Previous wiring diagrams, as the images are known, have mapped “connectomes” for the fruit fly and human brains. One reason MICrONS has been so well received is that the data set has the potential to improve scientist’s understanding of the brain and possibly help them treat brain disorders.
Venkatesh Murthy, a professor of molecular and cellular biology at Harvard University who studies neural activity in mice but was not involved in the study, says the project gives him and other scientists “a bird’s-eye view” into how single neurons interact, offering an exquisitely high-resolution “freeze frame” image that they can zoom into.
R. Clay Reid, a senior investigator at the Allen Institute and another lead scientist for the MICrONS project, says that before the program’s research was complete, he would’ve thought this level of reconstruction was impossible.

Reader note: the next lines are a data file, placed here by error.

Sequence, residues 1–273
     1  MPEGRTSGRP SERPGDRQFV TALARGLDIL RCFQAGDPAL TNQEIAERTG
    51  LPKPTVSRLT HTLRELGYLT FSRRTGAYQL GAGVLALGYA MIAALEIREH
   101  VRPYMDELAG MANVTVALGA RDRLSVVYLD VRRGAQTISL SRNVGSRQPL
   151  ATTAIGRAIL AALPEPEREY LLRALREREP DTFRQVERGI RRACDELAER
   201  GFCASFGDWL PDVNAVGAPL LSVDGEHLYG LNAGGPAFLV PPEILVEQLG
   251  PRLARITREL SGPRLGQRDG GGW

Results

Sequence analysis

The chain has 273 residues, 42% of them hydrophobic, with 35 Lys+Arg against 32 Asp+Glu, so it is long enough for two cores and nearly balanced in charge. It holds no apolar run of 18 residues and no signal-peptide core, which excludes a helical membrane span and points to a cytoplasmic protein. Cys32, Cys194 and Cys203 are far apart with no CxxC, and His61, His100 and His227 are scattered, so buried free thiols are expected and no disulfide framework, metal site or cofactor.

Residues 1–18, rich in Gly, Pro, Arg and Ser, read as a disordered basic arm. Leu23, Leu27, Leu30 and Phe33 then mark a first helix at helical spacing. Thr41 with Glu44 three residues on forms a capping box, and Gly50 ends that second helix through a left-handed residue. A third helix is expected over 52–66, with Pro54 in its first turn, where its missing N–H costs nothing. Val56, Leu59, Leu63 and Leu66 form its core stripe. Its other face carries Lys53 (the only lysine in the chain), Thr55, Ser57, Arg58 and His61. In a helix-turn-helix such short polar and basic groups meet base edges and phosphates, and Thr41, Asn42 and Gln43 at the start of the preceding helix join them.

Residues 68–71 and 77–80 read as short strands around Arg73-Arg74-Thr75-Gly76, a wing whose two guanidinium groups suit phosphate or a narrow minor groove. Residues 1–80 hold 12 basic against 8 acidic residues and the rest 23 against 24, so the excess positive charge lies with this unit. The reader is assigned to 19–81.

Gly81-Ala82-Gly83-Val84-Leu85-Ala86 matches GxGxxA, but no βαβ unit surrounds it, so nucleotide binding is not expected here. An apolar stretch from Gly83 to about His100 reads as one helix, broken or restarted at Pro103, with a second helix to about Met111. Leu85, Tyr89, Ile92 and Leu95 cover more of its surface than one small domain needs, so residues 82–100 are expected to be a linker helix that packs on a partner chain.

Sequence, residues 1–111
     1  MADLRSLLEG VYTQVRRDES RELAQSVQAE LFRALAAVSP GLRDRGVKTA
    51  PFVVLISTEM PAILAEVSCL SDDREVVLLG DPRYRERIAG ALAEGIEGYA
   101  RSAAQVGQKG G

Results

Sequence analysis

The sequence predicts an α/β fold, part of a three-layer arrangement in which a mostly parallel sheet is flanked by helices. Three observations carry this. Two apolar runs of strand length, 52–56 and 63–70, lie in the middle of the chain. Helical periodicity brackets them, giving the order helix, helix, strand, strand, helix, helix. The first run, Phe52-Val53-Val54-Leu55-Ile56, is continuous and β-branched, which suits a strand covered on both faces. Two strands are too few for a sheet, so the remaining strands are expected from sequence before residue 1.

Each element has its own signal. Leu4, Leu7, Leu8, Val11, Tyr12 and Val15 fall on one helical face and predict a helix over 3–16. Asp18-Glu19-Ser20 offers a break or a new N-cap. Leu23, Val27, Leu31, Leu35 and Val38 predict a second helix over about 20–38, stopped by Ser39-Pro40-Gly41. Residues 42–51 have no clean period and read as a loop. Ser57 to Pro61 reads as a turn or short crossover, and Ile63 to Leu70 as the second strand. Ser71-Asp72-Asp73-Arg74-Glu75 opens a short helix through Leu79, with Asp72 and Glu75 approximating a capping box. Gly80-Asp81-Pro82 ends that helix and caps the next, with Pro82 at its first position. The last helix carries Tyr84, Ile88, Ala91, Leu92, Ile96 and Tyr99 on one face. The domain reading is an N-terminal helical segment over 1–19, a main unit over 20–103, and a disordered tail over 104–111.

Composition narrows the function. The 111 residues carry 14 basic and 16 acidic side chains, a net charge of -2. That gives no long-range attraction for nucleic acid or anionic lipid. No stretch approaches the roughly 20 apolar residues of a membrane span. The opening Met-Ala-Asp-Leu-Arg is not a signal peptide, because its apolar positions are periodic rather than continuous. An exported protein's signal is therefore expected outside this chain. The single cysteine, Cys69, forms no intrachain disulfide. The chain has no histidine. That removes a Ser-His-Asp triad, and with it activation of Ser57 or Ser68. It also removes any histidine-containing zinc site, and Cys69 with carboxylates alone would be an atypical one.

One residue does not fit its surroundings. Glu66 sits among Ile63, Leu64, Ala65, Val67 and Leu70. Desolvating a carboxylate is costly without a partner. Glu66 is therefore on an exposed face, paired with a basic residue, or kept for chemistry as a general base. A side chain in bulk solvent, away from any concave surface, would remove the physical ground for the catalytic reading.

Reid says that with machine learning, the process of turning two-dimensional wiring diagrams of the brain into three-dimensional models has gotten exponentially better. “It’s a funny combination of a very old field and a new approach to it,” he says.
Reid compared the new images to the first maps of the human genome, in that they provide foundational knowledge for others to use. He envisions them helping others to see structures and relationships inside the brain that were previously invisible.
“I consider this, in many ways, the beginning,” says Reid. “These data and these AI-powered reconstructions can be used by anyone with an internet connection and a computer, to ask an extraordinary range of questions about the brain.”